Consumers are also moving away from a uniform mentality, embracing instead their individuality in terms of footwear, explains Hayden Biener, head footwear designer for HUF, a California-based footwear boutique and clothing brand that has collaborated with Nike and Adidas. “Everything has been so plain for so long— your basic slip-ons and desert boot shoes,” he says. “Individuality—having shoes that no one else has—was a big part of this sneakerhead thing going on in the ’90s.” That’s why the current pool of shoppers can be largely broken into two groups, explains Poe Hwang, managing editor at Freshness, an online magazine for men’s fashion and footwear. The first is the diehards— those who have been lifelong basketball fans and are bona-fide sneakerheads. The second group consists of a younger crowd that probably has no clue what it means to “Be like Mike,” but for whom fashion and cultural interests draw them to the silo today. Meld the two together and it’s a big pie, one that brands are stuffing with an extensive selection of styles. “There are so many sophisticated looks out there this time that you’re getting a bigger cross section of people wearing these shoes— even girls,” Reebok’s Krinksy notes.

Pump it Up?
If it’s a jump ball between technology and style, most industry experts say the latter continues to have the upper hand. Like back in the day, the shoes will rarely ever set foot on a court, so the old 80-20 rule between fashion and intended-end use still applies. Besides, Burn Rubber’s Coit says, “There are a lot of shoes that are great on the court, but they’re not wearable with jeans and in your everyday life.”

This tendency to focus on a look that goes with any outfit has allowed lifestyle brands to cash in on the growing hi-top craze, as well. Even luxury labels like Lanvin, Marc by Marc Jacobs, Michael Kors, Giuseppe Zanotti and Christian Louboutin are throwing Converse- esque shoes into their assortments. “There are a lot of ancillary brands that are creating basketball- inspired shoes,” Krinksy says. “On the fashion side, it works.”

Color—whether its bold blood red or eye-catching neon green—is another major factor in today’s market. “The idea of color has really been big,” says Jon Epstein, president of Fila, known for its FX-100 and the Grant Hill hoops shoes. “That’s given the shoe a new look, and it’s energized the market.” Not only is color significant, it can be the deciding feature for many buyers, declares Adam Goldston, co-creator of Athletic Propulsion Labs (APL), a brand whose basketball sneakers’ Load ’N Launch technology claims to increase vertical leap.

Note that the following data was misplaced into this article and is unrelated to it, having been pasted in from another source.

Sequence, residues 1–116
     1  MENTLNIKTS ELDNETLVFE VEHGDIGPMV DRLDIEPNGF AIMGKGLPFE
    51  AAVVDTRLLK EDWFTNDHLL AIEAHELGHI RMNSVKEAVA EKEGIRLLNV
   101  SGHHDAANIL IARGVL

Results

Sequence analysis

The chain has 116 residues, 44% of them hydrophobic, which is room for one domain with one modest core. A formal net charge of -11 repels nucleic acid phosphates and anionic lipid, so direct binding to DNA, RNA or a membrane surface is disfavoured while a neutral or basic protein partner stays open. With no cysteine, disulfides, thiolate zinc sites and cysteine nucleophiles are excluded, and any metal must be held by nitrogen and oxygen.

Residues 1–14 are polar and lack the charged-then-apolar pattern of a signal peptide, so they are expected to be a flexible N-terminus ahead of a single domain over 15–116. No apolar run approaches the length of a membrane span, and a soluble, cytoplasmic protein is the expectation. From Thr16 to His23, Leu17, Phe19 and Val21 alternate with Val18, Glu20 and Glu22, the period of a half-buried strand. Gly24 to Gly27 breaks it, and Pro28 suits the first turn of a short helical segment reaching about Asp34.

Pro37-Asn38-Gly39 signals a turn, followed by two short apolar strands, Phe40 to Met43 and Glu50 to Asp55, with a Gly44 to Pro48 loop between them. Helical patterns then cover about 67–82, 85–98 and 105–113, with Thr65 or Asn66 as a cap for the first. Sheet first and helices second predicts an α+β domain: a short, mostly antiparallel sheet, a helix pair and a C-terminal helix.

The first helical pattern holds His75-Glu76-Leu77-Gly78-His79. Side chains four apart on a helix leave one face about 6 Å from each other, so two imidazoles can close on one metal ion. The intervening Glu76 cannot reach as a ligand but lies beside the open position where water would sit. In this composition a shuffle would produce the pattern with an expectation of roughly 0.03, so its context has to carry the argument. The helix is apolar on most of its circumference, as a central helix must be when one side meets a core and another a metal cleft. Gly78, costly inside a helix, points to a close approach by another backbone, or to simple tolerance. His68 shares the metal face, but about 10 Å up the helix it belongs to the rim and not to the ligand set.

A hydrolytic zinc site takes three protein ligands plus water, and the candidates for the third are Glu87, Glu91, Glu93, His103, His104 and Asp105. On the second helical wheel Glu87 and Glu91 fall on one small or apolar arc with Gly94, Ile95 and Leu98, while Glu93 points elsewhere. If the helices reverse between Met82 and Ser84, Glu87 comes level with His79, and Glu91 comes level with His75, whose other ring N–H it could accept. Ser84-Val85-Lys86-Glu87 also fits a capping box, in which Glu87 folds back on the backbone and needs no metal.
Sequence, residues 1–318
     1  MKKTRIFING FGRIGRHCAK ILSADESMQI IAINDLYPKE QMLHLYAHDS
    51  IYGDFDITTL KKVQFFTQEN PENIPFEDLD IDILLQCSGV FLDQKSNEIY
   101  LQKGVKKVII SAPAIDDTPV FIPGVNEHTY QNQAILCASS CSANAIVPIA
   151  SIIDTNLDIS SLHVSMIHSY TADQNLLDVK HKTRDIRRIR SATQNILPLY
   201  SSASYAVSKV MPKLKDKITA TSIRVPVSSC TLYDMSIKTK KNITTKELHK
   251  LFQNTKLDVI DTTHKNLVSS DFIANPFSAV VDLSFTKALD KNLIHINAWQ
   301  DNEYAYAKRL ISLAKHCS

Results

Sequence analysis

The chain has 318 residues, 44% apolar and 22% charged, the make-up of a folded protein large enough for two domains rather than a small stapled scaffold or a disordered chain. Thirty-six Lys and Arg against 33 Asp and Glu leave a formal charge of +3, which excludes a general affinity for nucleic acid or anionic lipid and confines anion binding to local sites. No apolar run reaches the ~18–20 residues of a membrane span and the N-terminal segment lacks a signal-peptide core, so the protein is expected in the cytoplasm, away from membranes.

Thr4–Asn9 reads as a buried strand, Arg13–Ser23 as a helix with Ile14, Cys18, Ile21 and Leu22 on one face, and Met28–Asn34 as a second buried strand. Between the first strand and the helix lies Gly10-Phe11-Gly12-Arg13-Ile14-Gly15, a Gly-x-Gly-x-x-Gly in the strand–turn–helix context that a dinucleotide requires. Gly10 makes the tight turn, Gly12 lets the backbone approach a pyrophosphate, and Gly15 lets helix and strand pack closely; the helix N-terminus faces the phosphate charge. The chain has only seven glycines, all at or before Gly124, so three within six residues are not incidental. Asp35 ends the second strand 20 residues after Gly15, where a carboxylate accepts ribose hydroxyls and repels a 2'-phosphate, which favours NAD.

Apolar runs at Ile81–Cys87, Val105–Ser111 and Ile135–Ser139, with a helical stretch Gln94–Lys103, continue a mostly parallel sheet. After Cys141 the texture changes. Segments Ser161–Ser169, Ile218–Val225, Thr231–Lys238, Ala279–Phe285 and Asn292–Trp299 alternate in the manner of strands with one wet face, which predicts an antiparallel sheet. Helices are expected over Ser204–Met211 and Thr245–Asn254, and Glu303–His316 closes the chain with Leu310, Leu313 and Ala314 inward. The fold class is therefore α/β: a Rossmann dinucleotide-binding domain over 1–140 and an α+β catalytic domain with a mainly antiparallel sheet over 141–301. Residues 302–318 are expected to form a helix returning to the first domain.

But just because fashion is on top of consumers’ wish lists doesn’t mean performance should be benched entirely. “The performance athletes still care very much about not only the style and who’s wearing the shoe, but also about how the performance component is going to make them a better player,” Ektio’s Katz notes. That’s why many sneaker brands, including Fila and Puma, are incorporating shoes with slimmer and lighter silhouettes. “Lightweight is a major trend that continues to resonate with consumers, and we’ve applied that to some of our basketball-inspired styles,” explains Puma’s McRae, noting that Fall ’12 will see more vulcanized outsoles inspired by its iconic GV shoe.

This fall, APL will highlight the Concept 2, the second edition of its technology-packed shoe, with features that give players the ability to add up to 3.5 inches to their vertical jump. (The brand’s Concept 1 was actually banned by the NBA.) Meanwhile, Fila will follow on the heels of its successful natural-motion Skeletoes shoe with the lightweight, fused upper One on One Memory shoe for the “younger, fashion- forward athlete that’s interested in game improvement and speed,” Epstein says. For Ektio, the fall collection will show off its patented ankle-stabilizing basketball shoes with a new stitchless, molded upper and enhanced inner-core technology to boost the wearer’s performance.